Spraints are also deposited in muddy areas when there is a lot of grasses. Sprainting sites may be found mainly where two rivers come together, separate or change direction and flow, and in the foundation of bridges and other man made objects.

Fresh scats are of soft consistence, with visible contents, mainly fish scales, crustacean exoskeletons and bone fragments of fishes, amphibians, reptiles, birds and mammals, and sometimes with parts of vegetation and fruits.

Color is black to dark brown, pale brown when is composed mainly by fish remains. Old scats composed by crustaceans and fish remains become gray to white.

Scats have a characteristic smell like “musk”.



Spraints deposited on a rock in the river bank.

                                                       © Juan Pablo Gallo










Tracks (original sizes) measurements



Hind foot length (cm)

Hind foot width (cm)

Forefoot length (cm)

Forefoot width (cm)


7.5 – 8.2

7.5 – 8.5

7.0 – 7.5

6.5 - 7.5


6.5 – 7.0

6.5 – 7.0

6.5 – 7.0

6.5 – 7.0


Stride trotting 20 – 30 cm


Forefoot track 7.0 – 7.5 cm


Hind foot track 7.5 – 7.5 cm






Foot prints may vary in size and shape according to the substrate. For example in thick sandy beaches or mud foot prints may measure up to 10 to 12 cm long, and in hard surfaces can be very small, 4 – 5 cm long. The stride while trotting is about 20 – 30 cm overlapping hind foot on forefoot.

 Foot prints may also vary depending on the age and sex of the individual.


                                                                       © Juan Pablo Gallo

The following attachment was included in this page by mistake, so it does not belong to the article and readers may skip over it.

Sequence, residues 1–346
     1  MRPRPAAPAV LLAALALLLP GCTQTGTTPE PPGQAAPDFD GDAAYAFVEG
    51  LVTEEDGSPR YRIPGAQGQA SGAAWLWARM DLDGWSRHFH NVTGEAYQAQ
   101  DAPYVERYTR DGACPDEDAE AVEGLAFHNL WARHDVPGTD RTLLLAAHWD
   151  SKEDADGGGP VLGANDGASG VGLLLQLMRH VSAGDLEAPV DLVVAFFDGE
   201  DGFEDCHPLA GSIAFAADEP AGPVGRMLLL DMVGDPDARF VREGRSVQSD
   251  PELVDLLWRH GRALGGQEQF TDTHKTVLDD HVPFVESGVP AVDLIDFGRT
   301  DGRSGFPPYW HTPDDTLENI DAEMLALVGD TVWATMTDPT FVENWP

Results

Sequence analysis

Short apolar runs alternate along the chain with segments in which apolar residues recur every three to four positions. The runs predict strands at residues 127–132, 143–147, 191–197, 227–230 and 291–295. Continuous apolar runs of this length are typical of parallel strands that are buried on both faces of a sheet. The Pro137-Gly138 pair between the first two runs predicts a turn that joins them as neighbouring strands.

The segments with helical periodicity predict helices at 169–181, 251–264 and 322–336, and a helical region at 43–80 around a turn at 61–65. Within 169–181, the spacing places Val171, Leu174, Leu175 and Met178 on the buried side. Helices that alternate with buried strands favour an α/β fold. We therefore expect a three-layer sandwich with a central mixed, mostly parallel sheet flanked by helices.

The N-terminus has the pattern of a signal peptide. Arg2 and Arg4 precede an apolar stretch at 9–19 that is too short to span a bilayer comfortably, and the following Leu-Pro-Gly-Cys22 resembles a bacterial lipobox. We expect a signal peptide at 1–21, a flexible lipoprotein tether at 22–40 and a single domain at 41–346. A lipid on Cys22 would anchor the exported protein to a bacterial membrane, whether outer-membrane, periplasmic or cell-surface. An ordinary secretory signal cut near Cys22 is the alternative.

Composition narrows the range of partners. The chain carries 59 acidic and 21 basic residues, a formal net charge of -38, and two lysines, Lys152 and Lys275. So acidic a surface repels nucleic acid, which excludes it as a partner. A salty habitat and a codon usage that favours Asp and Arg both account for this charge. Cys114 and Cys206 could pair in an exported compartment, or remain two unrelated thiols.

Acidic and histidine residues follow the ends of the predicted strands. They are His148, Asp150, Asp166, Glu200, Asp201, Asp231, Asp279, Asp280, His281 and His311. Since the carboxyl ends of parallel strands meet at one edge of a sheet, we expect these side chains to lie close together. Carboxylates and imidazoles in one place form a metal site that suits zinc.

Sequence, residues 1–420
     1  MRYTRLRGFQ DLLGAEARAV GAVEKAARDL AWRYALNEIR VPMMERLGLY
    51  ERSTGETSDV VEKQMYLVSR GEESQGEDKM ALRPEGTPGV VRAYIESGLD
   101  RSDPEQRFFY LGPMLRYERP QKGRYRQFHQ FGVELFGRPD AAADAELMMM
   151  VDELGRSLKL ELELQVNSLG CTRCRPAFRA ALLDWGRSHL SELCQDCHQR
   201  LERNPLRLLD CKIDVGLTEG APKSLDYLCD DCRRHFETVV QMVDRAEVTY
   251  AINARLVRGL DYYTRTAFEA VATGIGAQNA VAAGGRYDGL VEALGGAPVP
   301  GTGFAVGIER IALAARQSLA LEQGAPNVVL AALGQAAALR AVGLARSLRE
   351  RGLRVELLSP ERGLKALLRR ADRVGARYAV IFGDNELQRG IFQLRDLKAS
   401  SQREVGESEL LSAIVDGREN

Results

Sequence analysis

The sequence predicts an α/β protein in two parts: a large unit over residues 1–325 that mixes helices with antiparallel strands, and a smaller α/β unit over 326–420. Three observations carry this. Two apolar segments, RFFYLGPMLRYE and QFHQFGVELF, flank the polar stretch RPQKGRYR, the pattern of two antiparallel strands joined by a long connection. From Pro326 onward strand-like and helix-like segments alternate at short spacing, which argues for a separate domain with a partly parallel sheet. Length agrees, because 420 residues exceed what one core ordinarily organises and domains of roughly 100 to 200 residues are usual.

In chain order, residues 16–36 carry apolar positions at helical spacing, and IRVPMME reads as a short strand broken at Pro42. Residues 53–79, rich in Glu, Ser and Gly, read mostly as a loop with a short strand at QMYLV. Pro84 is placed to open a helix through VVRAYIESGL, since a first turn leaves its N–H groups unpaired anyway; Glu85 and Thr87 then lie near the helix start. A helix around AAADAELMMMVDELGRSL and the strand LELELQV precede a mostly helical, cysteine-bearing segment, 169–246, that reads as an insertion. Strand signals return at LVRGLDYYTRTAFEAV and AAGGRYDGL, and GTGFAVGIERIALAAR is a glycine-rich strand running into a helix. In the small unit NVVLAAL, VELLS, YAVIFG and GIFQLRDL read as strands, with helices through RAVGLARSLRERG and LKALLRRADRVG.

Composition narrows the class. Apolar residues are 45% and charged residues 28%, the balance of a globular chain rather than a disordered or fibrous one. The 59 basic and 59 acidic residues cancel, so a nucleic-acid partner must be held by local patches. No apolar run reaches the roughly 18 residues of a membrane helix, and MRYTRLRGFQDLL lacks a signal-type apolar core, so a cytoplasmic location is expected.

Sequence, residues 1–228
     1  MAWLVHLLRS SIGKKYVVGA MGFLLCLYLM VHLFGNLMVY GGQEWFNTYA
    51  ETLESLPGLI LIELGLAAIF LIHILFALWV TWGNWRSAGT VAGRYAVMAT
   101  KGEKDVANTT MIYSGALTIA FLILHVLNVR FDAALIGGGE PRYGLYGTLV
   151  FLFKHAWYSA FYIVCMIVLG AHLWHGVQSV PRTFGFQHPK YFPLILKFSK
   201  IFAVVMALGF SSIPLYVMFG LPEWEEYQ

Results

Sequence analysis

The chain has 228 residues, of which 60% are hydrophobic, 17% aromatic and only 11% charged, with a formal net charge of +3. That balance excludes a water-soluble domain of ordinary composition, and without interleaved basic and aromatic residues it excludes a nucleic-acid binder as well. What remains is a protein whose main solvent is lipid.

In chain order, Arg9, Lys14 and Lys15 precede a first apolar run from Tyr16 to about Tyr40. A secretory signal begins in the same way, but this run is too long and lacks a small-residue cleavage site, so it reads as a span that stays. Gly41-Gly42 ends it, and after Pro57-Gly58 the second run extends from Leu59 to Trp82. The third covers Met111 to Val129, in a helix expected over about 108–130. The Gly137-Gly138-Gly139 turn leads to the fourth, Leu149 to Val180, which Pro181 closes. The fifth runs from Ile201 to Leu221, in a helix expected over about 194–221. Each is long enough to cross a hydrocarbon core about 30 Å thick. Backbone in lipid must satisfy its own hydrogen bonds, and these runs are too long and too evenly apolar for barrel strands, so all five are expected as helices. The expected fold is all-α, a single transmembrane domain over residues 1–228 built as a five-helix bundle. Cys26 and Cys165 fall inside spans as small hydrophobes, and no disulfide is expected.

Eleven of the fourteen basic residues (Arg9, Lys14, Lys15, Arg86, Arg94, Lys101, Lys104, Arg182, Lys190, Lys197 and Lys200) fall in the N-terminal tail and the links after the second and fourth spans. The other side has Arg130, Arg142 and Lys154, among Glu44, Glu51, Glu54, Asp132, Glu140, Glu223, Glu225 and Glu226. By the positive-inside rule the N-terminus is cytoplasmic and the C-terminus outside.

A typical den of neotropical river otter. Dens usually have two entrances, one from land and another from the water. They are usually found were large boulders form caves, holes on trees and roots, holes on the ground or dens usually excavated by another animal, mud mounts and inside tall grasses in the river banks.



                                                                       © Juan Pablo Gallo




Aranda, J. M. 1981. Rastros de los mamíferos silvestres de México. Manual de campo. Instituto Nacional de Investigaciones sobre Recursos Bióticos, Xalapa. Veracruz. 198 p.


Gallo-Reynoso J. P. 1989. Distribución y estado actual de la nutria o perro de agua (Lutra longicaudis annectens Major, 1897) en la Sierra Madre del Sur, México. Tesis de Maestría, Facultad de Ciencias. UNAM. 236 p.


All photographs taken by the author with the exception of the close up of a face of a river otter taken by Fulvio Eccardi. Rhinarium drawings were done by the author. Foot print drawings were taken from Aranda (1981).
















Conditions of use: The contents of this page (photographs, drawings and text) can be used for educational purposes, giving the appropriate citation; please notify the author. They can not be used for commercial purposes without the written permission by the author.


Citation example:


Gallo-Reynoso, J. P. 2002. Neotropical river otter (Lontra longicaudis) identification sheet.

     Grupo de Conservación de las nutrias en México. CIAD-Guaymas.














Design and elaboration: © Juan Pablo Gallo Reynoso

Page created January 15, 2002.

Comments on this page, send to:

Dr. Juan Pablo Gallo Reynoso

Centro de Investigación en Alimentación y Desarrollo, A.C.

Unidad Guaymas

Carretera a Varadero Nacional Km 6.6

Colonia Las Playitas

Guaymas, Sonora

C. P. 85480



Cuadro de texto: Grupo de conservación de las nutrias en México